Study Finds Children of Same-Sex Parents Are Better Off Than Peers
By Dennis Hinzmann
Neil Patrick Harris and David Burtka with their children Harper and Gideon | Photo: Getty
Two is better than one, even when it comes to moms and dads.
A study out of Australia, one of the largest of its kind, surveyed 315 parents—mostly lesbians—which represented 500 children, and measured things like general behavior, general health, and family cohesion against data from the general population.
Results showed that children from same-sex families scored an average of six percent higher in the general health and family cohesion categories, and were on par with children outside the study in categories like emotional behavior and physical functioning.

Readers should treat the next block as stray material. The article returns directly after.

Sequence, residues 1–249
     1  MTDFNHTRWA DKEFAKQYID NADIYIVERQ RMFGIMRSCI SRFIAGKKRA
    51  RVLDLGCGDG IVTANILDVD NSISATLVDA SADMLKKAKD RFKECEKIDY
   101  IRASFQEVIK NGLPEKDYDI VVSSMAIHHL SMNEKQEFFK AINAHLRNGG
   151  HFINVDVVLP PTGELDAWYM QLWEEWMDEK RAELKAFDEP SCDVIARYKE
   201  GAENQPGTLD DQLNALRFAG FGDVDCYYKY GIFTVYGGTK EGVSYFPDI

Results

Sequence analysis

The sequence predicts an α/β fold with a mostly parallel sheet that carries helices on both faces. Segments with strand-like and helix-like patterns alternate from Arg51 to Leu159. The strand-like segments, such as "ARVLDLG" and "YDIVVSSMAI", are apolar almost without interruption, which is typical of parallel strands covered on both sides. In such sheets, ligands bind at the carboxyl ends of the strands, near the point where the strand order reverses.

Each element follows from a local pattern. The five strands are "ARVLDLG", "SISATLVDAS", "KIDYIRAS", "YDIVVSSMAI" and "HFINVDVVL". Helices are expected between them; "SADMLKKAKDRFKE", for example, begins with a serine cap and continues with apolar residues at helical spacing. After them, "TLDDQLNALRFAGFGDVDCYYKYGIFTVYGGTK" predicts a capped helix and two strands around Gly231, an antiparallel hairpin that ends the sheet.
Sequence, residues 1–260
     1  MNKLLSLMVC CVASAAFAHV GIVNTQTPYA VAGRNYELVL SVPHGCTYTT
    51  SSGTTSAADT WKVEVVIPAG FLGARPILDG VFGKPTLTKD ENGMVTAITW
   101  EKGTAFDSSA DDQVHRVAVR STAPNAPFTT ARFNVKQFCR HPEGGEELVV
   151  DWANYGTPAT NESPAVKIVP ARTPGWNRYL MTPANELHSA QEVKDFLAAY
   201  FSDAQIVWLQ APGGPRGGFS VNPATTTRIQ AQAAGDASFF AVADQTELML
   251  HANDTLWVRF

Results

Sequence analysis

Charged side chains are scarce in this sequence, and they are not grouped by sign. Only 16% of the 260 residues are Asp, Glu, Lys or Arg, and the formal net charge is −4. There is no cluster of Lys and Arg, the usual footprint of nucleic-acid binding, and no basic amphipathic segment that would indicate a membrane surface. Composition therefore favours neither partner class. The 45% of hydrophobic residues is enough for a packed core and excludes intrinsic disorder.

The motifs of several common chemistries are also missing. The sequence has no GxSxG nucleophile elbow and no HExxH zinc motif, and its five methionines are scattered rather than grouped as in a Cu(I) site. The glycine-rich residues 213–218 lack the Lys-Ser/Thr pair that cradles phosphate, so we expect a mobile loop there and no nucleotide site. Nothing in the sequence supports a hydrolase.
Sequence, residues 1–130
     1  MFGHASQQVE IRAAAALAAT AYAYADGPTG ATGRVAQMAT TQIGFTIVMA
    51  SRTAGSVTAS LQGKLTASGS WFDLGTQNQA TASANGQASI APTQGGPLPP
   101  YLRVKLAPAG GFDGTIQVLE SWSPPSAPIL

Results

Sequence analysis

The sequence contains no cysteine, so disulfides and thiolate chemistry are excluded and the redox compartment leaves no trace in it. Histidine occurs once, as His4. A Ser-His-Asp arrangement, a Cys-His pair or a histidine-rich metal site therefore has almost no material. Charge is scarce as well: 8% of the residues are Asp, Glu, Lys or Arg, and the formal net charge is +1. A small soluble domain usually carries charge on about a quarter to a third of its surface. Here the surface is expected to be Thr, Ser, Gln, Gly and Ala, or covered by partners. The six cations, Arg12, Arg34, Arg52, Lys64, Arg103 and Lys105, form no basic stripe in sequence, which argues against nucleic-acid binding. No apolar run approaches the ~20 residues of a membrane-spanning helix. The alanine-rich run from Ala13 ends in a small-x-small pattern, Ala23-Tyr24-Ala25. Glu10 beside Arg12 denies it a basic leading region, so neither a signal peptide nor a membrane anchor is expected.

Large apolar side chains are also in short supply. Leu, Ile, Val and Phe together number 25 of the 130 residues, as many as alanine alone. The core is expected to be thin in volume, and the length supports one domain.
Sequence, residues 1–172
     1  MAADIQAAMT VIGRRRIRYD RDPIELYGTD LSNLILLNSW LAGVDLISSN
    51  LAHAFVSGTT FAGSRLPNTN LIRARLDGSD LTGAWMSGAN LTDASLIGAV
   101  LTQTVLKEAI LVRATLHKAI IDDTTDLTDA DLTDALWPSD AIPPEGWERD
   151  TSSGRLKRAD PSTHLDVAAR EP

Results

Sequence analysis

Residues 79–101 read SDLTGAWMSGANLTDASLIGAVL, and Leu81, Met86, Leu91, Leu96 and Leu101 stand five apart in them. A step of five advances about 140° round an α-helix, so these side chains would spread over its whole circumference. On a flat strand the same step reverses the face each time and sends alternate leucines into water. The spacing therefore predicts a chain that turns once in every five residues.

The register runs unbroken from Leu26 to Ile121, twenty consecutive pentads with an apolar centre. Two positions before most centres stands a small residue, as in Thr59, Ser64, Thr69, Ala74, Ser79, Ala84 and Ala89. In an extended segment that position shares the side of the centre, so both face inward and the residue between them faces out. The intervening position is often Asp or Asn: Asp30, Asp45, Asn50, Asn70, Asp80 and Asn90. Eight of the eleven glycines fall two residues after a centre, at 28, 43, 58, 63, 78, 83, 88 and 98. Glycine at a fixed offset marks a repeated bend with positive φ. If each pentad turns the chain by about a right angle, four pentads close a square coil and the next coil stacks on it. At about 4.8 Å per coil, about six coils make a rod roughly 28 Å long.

Simon Crouch, a researcher at the Jack Brockhoff Child Health and Wellbeing Program at the University of Melbourne, and the lead researcher for the study, wrote for The Conversation that, though children with same-sex parents scored better in a number of categories, stigma was still a problem.
“Around two-thirds of children with same-sex parents experienced some form of stigma due to their parents’ sexual orientation which, of course, impacts on their mental and emotional well-being,” he said, “Instead of criticizing these loving family units perhaps it is time to see what we can learn from them – for the benefit of all our children.”
More information on the study can be found here.